In the following story, the player learns that the protagonist adopted the identity of the murderer. The murder is part of a conspiracy that aims to overthrow the American government. The twenty conspirators have numbers to mask their identities, and collectively name themselves "The XX". XIII was one of them, but was later betrayed and murdered by The XX. With the objective of preventing a coup, one of the members took on the appearance of XIII to confuse the opposite side and force it to make errors. The protagonist, in the guise of the early XIII, is successful in uncovering most of the conspirators, killing them and hindering the conspiracy. The game ends with a cliffhanger, when Fly confronts Walter Sheridan—brother of the assassinated President and apparent (though unconfirmed in the game) leader of the conspiracy—on a ship, followed by a promise of a sequel.

Development and promotion[edit]

David Duchovny voiced the protagonist

Ubisoft announced on March 13, 2002, that it would be working on a game called XIII. Based on the comic book of the same name by Belgian Jean Van Hamme, it would create "a world so unique and enthralling that gamers will become instantly engaged", according to president of Ubisoft, Laurent Detoc.[6] The game debuted at an event in Montreal,[11] and was later submitted at the 2002 Electronic Entertainment Expo in May 2002, with such games as Doom III, Max Payne 2 and Warcraft III: Reign of Chaos.[12] On November 22, 2002, Ubisoft announced a delay of the game, although the company did not state a reason. Justin Calvert of GameSpot guessed that the time would be used to thoroughly check the game and implement additional features on other platforms.[13]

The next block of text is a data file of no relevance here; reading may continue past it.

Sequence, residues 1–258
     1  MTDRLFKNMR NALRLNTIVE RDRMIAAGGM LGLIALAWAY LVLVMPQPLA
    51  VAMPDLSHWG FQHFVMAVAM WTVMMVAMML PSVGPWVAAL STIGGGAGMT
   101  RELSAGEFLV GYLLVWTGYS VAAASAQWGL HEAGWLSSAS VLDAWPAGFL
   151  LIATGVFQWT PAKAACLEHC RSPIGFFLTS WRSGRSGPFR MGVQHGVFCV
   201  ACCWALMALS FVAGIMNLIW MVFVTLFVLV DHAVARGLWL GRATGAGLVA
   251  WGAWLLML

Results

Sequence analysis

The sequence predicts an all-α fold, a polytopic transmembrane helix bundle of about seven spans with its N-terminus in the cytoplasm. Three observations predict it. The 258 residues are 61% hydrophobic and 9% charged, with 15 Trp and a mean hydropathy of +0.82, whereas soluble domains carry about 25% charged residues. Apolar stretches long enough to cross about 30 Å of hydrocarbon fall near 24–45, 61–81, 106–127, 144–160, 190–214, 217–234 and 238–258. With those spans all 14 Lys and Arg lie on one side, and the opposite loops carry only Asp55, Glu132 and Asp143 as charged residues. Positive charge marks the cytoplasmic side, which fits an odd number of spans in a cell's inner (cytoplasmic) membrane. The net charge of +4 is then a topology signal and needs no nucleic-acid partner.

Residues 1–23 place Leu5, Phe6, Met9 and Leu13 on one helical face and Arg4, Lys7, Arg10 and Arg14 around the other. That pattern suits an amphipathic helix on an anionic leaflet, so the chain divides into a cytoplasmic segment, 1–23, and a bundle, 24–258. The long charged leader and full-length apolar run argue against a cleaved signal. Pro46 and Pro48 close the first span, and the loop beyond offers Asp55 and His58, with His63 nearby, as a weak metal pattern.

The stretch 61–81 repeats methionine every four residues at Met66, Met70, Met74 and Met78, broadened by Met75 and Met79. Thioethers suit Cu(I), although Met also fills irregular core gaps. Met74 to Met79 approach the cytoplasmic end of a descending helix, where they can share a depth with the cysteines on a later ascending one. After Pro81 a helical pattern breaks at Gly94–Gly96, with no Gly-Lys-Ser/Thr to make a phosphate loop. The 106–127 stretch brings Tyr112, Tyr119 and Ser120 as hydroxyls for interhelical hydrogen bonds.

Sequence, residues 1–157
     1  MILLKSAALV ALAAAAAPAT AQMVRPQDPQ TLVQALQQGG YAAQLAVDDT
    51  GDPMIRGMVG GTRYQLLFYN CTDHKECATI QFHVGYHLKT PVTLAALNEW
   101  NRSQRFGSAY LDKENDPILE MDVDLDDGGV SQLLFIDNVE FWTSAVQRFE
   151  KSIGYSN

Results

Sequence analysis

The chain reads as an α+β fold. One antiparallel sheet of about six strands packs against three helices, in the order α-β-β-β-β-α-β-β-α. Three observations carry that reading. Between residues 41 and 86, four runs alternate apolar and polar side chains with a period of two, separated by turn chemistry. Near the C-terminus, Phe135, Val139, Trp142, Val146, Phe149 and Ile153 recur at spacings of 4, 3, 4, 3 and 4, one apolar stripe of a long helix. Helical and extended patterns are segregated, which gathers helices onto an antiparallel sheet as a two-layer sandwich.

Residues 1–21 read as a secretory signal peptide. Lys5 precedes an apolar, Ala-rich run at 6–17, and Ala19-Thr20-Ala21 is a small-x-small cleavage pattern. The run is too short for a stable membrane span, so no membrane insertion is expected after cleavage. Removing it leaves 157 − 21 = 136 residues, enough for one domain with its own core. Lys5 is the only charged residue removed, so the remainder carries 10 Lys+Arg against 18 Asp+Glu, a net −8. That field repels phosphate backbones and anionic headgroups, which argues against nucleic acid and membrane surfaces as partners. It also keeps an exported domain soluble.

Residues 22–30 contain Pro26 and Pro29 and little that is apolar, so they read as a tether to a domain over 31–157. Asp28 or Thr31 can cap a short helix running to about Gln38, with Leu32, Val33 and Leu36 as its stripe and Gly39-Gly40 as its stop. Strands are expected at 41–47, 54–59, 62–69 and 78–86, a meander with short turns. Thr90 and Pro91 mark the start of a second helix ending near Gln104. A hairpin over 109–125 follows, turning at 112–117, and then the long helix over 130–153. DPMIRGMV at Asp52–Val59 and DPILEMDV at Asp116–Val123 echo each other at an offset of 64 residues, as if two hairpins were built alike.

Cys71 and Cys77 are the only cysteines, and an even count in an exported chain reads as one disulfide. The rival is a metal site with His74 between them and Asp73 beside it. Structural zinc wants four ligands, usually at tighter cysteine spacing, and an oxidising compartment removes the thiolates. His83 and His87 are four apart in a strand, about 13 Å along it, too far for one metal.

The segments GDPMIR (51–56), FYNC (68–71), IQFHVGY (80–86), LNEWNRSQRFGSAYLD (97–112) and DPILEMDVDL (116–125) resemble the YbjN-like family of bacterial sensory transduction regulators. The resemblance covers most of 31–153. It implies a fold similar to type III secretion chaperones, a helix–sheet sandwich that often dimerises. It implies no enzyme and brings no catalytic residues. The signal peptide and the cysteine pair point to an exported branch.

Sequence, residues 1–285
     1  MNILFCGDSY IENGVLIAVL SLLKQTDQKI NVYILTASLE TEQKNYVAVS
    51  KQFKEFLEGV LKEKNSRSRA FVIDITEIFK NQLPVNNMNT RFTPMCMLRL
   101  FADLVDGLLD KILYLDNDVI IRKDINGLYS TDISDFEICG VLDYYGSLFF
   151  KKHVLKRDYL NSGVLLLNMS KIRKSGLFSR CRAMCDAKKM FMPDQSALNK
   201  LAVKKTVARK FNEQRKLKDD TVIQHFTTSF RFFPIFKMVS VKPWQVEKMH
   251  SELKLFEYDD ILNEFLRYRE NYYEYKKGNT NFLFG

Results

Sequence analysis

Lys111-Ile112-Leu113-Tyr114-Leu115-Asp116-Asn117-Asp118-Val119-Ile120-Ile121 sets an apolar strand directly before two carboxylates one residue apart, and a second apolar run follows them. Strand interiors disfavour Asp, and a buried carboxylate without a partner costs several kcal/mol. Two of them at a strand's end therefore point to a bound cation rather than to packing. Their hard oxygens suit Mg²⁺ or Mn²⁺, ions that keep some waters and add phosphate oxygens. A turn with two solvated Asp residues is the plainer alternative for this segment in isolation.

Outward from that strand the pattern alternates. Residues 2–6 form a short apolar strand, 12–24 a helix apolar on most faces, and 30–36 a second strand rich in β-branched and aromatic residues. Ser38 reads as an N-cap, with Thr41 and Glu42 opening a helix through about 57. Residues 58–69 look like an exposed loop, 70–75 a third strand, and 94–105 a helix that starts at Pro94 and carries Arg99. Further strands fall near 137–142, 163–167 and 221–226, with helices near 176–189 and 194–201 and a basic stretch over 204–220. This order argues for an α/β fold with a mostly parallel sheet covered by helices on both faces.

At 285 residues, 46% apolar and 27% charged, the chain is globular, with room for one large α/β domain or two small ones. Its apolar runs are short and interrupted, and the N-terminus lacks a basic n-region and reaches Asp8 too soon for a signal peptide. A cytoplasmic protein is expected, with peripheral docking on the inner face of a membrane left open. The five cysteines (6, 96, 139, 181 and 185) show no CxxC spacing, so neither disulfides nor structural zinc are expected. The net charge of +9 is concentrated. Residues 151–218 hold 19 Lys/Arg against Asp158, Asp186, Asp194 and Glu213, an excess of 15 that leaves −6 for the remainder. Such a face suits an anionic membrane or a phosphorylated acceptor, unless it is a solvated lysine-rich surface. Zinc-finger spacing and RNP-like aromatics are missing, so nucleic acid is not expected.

On May 7, 2003, Ubisoft announced that singer, actress and model Eve would be the voice for major character Jones. Ubisoft's vice president of marketing, Tony Kee, stated that she was the perfect choice for the role, admitting that she has "a combination of style, sexiness, and attitude—perfect attributes that describe the Jones character."[14] Two months later, two other major voice acts were declared: David Duchovny would play Jason Fly (XIII), while Adam West, General Carrington.[15] The official site was launched on August 19, featuring movies and information about the gameplay.[16] Ubisoft implemented a pre-order in September 4, promising a free demonstration version with multiplayer and soundtrack. Kee promised it "will give gamers just enough XIII to whet their appetite until the game launches in October" and "will be a record-breaking preorder campaign for Ubi Soft."[17]

The game was promoted at the Fall College Tour from September to October. Beginning at Cornell University and finishing at the University of Southern California, the tour featured demonstrations of games, playable via the 50-screen GamePort system.[18] Another demo, now multiplayer-only, was issued on October 2, but the discovery of a bug lead to its removal. A different fixed demo was released a day later.[19] Xbox players had the opportunity from December 15 on to win one of 50 copies of the game. The campaign was dubbed "13 Days to Xmas": those who spent not less than 13 hours playing until Christmas were qualified for the contest. The winner was randomly selected on January 9.[20]